In October 2012, the Librarian of Congress, who determines exemptions to a strict anti-hacking law called the Digital Millennium Copyright Act (DMCA), decided that unlocking cellphones would no longer be allowed. The 90-day window for people to buy a phone and unlock it ended on Jan. 26.
The rule says with respect to new wireless handsets, there are ample alternatives to circumvention.
The marketplace has evolved such that there is now a wide array of unlocked phone options available to consumers.
The new rule against unlocking cellphones won’t be a problem for everybody, though.
You can still buy unlocked phones. International travelers will still be able to bring their unlocked phones into the U.S. without issue. You can also pay full price for a phone, not the discounted price that comes with a two-year service contract. Verizon’s iPhone 5 comes out of the box already unlocked, and AT&T will unlock a phone once it is out of contract. Legacy phones, which the Library of Congress describes as “used (or perhaps unused) phones previously purchased or otherwise acquired by a consumer,” are okay to unlock. The new no-no is buying a locked phone with a hefty carrier discount and then unlocking it on your own and without the carrier’s permission. Unlocking a phone frees it from restrictions that keep the device from working on more than one carrier’s network. Some people just like the freedom to switch carriers as they please. A few things to keep in mind when shopping for a new phone:
Major carriers use two incompatible digital networks. Sprint and Verizon networks use Code Division Multiple Access (CDMA), while AT&T and T-Mobile use Global System for Mobile communication (GSM). Carriers also support high-speed data networks. The network determines the capabilities and performance your phone will have. The newest smart phones typically come with 5 or 8-megapixel cameras with advanced controls and the ability to take HD videos, allowing you to share your content via Facebook, YouTube, e-mail and Internet-based “cloud” services. The data networks they run on are getting faster, enabling them to download and upload large files in less time, provide a better Web-browsing experience, stream high-definition videos, and support video chats via front-facing cameras. Choose a conventional model if you mainly need voice, text-messaging, music player and camera. Choose a smart phone for a larger display, QWERTY keyboard, multiple e-mail accounts, contacts, Office documents, shopping, multimedia, games, travel, news, weather, social media and finance.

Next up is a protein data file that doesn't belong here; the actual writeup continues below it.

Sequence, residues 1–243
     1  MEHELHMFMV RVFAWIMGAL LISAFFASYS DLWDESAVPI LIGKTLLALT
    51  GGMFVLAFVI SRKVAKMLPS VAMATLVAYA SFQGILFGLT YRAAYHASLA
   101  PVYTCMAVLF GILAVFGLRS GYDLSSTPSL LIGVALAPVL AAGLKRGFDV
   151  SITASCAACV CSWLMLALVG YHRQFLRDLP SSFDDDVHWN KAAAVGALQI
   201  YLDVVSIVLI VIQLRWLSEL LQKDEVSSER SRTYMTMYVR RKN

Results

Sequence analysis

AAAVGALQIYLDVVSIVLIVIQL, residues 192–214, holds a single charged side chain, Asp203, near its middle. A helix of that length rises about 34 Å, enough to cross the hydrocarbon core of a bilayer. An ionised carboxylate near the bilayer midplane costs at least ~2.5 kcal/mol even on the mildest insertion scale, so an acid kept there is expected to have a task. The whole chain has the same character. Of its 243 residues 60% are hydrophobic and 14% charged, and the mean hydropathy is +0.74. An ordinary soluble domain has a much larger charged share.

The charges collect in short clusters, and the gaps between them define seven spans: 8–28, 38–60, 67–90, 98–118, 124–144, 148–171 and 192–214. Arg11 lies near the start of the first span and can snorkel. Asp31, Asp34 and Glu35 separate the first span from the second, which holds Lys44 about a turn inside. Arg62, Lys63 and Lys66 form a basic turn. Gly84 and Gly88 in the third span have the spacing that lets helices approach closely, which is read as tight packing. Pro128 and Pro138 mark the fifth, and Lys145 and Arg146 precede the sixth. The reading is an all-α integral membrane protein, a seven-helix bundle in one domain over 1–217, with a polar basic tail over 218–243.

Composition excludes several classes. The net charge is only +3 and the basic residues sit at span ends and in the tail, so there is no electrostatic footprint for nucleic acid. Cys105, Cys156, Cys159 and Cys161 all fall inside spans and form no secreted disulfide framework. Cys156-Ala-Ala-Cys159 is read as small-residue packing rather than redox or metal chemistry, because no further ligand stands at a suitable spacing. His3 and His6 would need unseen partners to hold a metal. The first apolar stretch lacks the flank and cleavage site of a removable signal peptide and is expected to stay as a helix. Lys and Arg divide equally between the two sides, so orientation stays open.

Your phone carrier may contact you once they detect you’ve unlocked your phone.
Learn more about mobile phones and contracts by visiting the Tri-State Better Business Bureau.